I remember a quote shared by a spiritual teacher from India, who said – “The way to assess how strong you are (he was talking about Spiritual Strength) is to look at how often you are disturbed during the day.”. Find time to meditate, to regroup your mind and focus on the positive, the more you do this, the more your mind will veer to the positive in the world. If you want to handle the tribulations of this world, you will need to find your inner strength, your inner courage. But this comes from finding a teaching that channels your spirit to balance courage, and emotion. There is no weakness in saying “I need help” or “I need to talk to someone about something that is bothering me”. The moment you realise that YOU are important, will make it easier, to be of value and be of support to others.

Things I’d Like my Son to Know. 

Lesson #11- You are You in Everybody. 

The golden rule; “Treat others how you too wish to be treated.”

The age old saying of treating others how you wish to be treated was one that I was taught many years ago.  It underpins cohesion and almost subtly enforced a social contract that I see you as someone with the shared values as I have and therefore will treat you as I expect to be treated. 

The problem lies here, and this is where it all goes pear shaped.  What if the others don’t share my values, conditioning, culture, behaviour? 

Well then I’ll just have to wing it I guess, right? 

Wrong.

See there’s another rule. The platinum rule that says, “Treat others how they wish to be treated”.

Knowing what I know now, that seeing myself in others doesn’t mean seeing them as me, but as an extension of me, with all their own hopes, desires, aspirations, expectations etc.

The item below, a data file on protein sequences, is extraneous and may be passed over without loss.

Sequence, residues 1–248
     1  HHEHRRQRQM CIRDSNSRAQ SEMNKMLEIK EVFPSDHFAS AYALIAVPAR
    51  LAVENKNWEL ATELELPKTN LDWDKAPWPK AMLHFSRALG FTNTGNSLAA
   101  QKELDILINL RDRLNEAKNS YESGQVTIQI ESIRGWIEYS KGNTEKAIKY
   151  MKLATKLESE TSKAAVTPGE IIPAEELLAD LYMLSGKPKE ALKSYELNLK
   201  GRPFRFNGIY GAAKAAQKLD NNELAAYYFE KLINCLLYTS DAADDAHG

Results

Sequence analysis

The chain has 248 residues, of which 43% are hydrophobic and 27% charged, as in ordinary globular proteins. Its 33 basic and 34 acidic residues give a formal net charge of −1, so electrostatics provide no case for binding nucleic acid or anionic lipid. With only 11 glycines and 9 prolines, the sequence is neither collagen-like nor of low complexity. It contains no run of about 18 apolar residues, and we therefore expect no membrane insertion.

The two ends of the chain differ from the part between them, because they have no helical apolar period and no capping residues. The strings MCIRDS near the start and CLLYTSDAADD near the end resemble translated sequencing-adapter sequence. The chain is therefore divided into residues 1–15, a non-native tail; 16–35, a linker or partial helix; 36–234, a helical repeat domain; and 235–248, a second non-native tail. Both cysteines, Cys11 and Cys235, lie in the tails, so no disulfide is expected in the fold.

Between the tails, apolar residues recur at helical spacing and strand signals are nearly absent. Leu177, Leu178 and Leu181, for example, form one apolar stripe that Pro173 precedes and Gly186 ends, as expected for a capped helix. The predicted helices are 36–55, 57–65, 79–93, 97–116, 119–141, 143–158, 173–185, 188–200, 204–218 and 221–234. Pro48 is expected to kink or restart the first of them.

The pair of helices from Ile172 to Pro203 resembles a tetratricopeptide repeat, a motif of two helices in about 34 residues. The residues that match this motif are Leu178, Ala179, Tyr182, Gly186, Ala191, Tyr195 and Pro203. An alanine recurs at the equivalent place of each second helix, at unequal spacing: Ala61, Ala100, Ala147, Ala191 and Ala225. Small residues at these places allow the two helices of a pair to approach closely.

Son, if you want to truly succeed with people you need to know a couple of things. Firstly, you are you, with your own personality, dreams, hopes etc. And that others have their own. 

Secondly – everyone is equal. In that I mean that when you see yourself in others, remember that you are no more than then, and certainly no less than them. 

You taught me a lesson today. You built a train out of lego, and placed all the individual people onto it. They all had different faces, jobs, ages, and you didn’t see any of these. For you – there was room on the train for everyone. 

See beyond the facade of the exterior and find the commonality between you and the other.  You will find that placing everyone equally, you yourself become included in this. It takes you out of the inferiority or superiority complexes of the mind. But be wary of the fact that although you might see others as equals, others may not see you as their equal. Rise above their insecurity or complex, and keep in mind- you are you, in everybody. 

Things I’d Like my Son to Know

Lesson 9 – Sometimes you just need “Me-Time”

After a tiring evening putting my son to bed I realised that in the past 3 months, i’ve not taken time out to go for a walk.  It was a bout 8pm and I was getting to that agitated point in my day where I felt as though I needed to expend some energy before I rest my head.

As I grabbed by jacket, keys and phone (for emergency) and exited the door and down the street, I realised I had left my prized partner at home – my wife.  For once, in a very long time, I was doing something that wanted to do, that was just about me and fresh air (as much as can be had in the suburbs of the UK) and I was actually glad for the time to myself.

It was only a short walk, about 25 minutes but in that time, I came to the realisation that in this world, I came alone, and I will leave it, alone, and no one can change any of that.

This thought continued and I began to feel slightly isolated, cocooned off from the remainder of the world and all alone.  Don’t get me wrong, it wasn’t a negative emotion, more like a free feeling, that actually being alone isn’t something to be afraid of.